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Protocol for breeding free-range meaties

Discussion in 'Meat Birds ETC' started by stoneunhenged, Oct 2, 2011.

  1. stoneunhenged

    stoneunhenged Chillin' With My Peeps

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    Assume that you've chosen a particular breed of meat bird (not a hybrid) and over time want to develop an improved strain of the breed specifically for free-range meat production. In other words, you want to apply some scientific rigor to selecting breeding stock over many generations. Which variables would you measure and how often? How would you design the breeding program?
     
  2. kfacres

    kfacres Chillin' With My Peeps

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    Quote:I've already discussed my "ideal" cross in 3 other posts..

    the biggest thing you need to do. is have time, and lots of chicks to choose from.

    with enough time and genetic selection, you can turn the leghorn into a meaty breed.

    instead of butchering the biggest and the best out of each hatch, you'll have to retain them.. keep back the top 5% to breed with, and keep you genetics late and great.

    variables? depends on what you want? lean to fat ration? meat to gain? quickness of gain? feed efficincy?

    honestly, in a free range, meat production, zero input type situation.... you'd better off going with turkeys or pekin ducks...

    or just try not to reinvent the wheel and stick with Cornish X.
     
  3. stoneunhenged

    stoneunhenged Chillin' With My Peeps

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    I'm not interested in raising hybrids.

    I should have been more detailed in my explanation. This will not be a zero-input operation. Birds will have access to milled feed but will be on pasture during the day. It's really day-ranging and not unlimited free-ranging.
     
  4. kfacres

    kfacres Chillin' With My Peeps

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    Quote:My ideal cross mating system isn't a hybrid either. It's a system based on taking advantage of several aspects of pro/ cons or different styles of chicken and then making use of hybrid vigor to result in a final product.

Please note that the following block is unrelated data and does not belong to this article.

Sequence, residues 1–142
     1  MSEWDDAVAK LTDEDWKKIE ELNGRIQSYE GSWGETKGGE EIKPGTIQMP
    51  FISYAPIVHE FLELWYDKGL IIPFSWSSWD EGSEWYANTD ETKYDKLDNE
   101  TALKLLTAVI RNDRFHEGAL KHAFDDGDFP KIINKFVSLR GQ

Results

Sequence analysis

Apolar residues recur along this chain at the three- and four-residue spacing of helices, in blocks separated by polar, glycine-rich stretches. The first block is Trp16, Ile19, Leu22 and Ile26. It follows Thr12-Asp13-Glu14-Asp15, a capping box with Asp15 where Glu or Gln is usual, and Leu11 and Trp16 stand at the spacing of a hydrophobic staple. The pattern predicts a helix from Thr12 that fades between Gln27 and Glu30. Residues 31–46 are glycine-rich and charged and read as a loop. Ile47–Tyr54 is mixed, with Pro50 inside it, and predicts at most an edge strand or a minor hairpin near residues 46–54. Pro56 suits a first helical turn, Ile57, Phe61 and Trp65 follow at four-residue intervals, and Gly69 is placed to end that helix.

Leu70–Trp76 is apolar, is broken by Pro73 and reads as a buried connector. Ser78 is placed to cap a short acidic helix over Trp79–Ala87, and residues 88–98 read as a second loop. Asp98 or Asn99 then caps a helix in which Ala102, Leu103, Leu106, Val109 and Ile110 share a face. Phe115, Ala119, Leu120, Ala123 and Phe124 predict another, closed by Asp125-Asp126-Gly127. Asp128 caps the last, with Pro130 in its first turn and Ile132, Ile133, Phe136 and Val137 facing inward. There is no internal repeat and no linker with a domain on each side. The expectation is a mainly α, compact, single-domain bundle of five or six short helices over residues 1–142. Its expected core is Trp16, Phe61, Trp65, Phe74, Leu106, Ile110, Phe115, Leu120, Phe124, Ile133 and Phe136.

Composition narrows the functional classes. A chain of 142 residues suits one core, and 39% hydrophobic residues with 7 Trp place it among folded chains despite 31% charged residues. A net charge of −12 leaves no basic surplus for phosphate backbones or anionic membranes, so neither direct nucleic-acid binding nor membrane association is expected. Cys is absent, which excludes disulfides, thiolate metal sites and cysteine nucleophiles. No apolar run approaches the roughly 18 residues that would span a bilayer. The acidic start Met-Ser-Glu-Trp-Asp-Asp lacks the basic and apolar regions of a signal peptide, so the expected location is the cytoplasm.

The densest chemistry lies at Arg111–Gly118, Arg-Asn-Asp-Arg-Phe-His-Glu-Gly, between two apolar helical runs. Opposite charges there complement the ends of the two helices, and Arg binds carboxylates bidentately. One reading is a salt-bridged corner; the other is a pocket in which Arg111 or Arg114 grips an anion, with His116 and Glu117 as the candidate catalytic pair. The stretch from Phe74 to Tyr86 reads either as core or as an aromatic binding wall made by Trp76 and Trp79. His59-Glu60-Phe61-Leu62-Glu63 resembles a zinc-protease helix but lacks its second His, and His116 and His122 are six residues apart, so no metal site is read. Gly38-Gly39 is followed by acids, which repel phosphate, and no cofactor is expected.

5. Rare Feathers Farm

    Rare Feathers Farm Overrun With Chickens

    Paul--I would select for fast-growing (not too fast), small combs, sturdy legs and something that isn't too large that it cannot breed naturally...something that wouldn't die because it's too fat and/or stupid to get into the shade or find water. [​IMG] Oh and easy to pluck.

    I am not sure how to go about this without cross-breeding a few different breeds and working from there. I have often thought about creating something like this for my own use....

    My needs:

    Small, frost-bite-resistant comb
    Ability to range during the day (would be locked in a coop at night)
    Ability to breed naturally & have decent fertility, despite size
    Lay eggs fairly well (well enough to incubate and hatch out more)
    Light skin, easy to pluck

    I'm not sure if that's all you were asking or if I just ended up thinking out loud? [​IMG]
     
  6. Tracydr

    Tracydr Chillin' With My Peeps

    If you're cross-mating, you're either producing a new breed or hybrid. OP says she's not interested in hybrids. Does that include home produced hybrids? Does she want purebreds? Heritage breeds? Mutts? Cross-breeds are going to have hybrid vigor but until the F4 generation or greater, you can't count on their offspring to breed true.
    First, need to understand if she wants a purebred line or wants to breed her own hybrid line?
     
  7. Rare Feathers Farm

    Rare Feathers Farm Overrun With Chickens

    Quote:He says he's not interested in hybrids--so my guess would be that he wants to take an existing breed and improve upon it?
     
  8. kfacres